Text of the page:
Thanks, and enjoy!

The American Revolution Within (1775-1785) — HIST 017 (6-23-16)

Presentations from “HIST 017: History of the United States to 1877” — The American Revolution (1765-1783)

Dear readers, as many of you know, after six years of studying History in college, I officially began my teaching career last fall, 2015, by teaching “HIST 037: Women in American History” at Solano Community College. I am following up on that course this summer by teaching “HIST 017: History of the United States to 1877” at the Vacaville satellite campus of SCC. Today I would like to post the first lecture that I created for that course to The Zamani Reader. As always, I recognize that my lectures are far from perfect and that they have several problems. Nonetheless, I hope that you will enjoy them and feel welcome to send me any recommendations that you may have. This particular lecture is on the lead up to, and the history of, the American Revolution (1765-1783). It was originally delivered to my class on Tuesday, June 21, 2016.

All of the PowerPoint presentations for HIST 017, including this one, were developed from content in the following textbook: Eric Foner, Give Me Liberty!: An American History, Vol. 1, Seagull 4th edition (New York: W.W. Norton & Company, 2014). I would like to extend my sincere gratitude to Foner for his wonderful work as a historian. Give Me Liberty! is truly an exceptional educational resource and I recommend its use in any History classroom, be it a college course or otherwise. I would also like to extend my gratitude to everyone at SCC, who has supported me in my teaching experience thus far. Thanks, and enjoy!

The American Revolution (1765-1783) — HIST 017 (June 21, 2016)

Presentations from “HIST 037: Women in American History” — African Women and Slavery in the Colonial Era

Dear readers, I am continuing my lecture series with a new presentation called “African Women and Slavery in the Colonial Era.” I have spent the last three weeks working on this presentation, and I am very satisfied with the result. The PowerPoint is broken into three separate parts called 1) Representations, 2) Historical Concepts, and 3) Primary Sources. The first section focuses on displaying imagery of African women in the colonial era, with the goal of juxtaposing racist images with honest portrayals; the second section sets forth some very basic concepts in order to help us understand the historical context of slavery, black women, and the colonial era; and the third section introduces the audience to a few of the types of primary sources that historians use to further explore these experiences.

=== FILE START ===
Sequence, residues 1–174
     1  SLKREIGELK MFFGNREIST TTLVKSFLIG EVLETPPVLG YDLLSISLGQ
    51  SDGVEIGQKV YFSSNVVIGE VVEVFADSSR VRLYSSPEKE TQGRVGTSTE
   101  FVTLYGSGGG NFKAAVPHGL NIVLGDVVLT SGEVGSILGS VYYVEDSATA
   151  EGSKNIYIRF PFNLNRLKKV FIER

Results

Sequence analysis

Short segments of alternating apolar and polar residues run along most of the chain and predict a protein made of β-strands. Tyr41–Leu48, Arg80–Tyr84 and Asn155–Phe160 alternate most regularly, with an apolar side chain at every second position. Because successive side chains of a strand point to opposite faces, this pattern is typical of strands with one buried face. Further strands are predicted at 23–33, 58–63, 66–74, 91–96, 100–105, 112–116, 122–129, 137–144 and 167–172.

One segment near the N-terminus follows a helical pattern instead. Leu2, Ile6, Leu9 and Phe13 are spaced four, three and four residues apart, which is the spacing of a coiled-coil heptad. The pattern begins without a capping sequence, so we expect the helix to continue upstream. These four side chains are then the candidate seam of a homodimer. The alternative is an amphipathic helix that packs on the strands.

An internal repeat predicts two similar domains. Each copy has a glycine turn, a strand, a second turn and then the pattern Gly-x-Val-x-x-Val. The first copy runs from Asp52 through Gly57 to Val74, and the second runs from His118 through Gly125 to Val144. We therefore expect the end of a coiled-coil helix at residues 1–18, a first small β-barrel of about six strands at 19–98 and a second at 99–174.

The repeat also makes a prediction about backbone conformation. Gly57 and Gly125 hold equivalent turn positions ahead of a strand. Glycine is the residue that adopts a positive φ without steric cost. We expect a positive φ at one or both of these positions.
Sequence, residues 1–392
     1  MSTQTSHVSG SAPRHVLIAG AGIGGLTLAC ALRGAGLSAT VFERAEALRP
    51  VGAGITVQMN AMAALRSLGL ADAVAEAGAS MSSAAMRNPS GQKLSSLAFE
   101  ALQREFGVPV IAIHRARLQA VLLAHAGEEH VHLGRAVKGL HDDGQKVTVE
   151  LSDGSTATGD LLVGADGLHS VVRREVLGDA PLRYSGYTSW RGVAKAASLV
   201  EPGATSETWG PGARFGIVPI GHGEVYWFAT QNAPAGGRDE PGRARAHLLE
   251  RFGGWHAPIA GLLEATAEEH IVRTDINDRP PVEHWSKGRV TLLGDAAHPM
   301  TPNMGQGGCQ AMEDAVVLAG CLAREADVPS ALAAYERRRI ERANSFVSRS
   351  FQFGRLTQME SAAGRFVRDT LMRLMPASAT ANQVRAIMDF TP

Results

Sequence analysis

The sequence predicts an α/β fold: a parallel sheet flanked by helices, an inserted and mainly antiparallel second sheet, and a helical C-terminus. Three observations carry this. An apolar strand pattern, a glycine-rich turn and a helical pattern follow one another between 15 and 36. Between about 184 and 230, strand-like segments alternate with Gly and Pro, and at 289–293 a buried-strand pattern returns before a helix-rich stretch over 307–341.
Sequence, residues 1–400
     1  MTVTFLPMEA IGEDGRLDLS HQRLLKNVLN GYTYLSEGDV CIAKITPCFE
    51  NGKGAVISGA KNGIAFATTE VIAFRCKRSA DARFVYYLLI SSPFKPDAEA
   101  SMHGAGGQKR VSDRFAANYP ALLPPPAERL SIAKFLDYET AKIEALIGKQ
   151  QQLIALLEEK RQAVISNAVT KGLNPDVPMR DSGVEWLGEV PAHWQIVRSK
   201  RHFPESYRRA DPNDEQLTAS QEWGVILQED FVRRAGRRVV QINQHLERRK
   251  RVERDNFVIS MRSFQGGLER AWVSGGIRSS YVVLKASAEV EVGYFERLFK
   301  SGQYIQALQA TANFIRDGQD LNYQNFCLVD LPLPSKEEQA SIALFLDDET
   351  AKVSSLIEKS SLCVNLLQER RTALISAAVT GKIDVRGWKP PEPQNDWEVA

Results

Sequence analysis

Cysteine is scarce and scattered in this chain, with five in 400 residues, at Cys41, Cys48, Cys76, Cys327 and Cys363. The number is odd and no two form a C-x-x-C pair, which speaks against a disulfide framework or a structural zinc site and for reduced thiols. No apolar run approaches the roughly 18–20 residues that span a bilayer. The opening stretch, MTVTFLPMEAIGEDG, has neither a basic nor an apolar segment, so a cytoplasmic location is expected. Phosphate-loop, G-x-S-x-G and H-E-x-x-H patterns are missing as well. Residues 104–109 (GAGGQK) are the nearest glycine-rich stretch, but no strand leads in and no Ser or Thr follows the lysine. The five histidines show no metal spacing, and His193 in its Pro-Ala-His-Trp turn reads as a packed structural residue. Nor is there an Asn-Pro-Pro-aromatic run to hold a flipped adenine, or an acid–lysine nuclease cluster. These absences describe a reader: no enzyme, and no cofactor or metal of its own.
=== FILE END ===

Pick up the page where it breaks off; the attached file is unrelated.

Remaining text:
This presentation was originally created for my HIST 037 class, “Women in American History.” I taught this class last Fall at Solano Community College. More specifically, this presentation was given to my class on Monday, August 31, 2015. Please note that all of the PowerPoint presentations for HIST 037, including this one, were developed from content in the following textbook: Ellen Carol DuBois and Lynn Dumenil,Through Women’s Eyes: An American History with Documents. Boston and New York: Bedford St. Martin’s, 2012. I would like to extend my gratitude to these two authors for their extraordinary work.Through Women’s Eyes is a wonderful educational resource. Second, I would like to extend my gratitude to everyone at SCC who encouraged the development of this course.

Thanks, and enjoy!

African Women and Slavery in the Colonial Era Presentation (8-31-15)

Presentations from “HIST 037: Women in American History” — European American Women in the Colonial Era

Dear readers, as many of you know from my post last week, this summer I have decided to share some of the PowerPoint lectures that I created for the first class I ever taught at Solano Community College (SCC). This class was called “HIST 037: Women in American History,” and I taught it during the Fall of 2015. The following presentation is part of the colonial lecture series. It is about the experiences of European or European-American  women in the colonial era. The presentation focuses mostly on European women in the area that will become the thirteen American colonies on the Atlantic seaboard. It was presented to my HIST 037 class on Wednesday, September 4, 2015.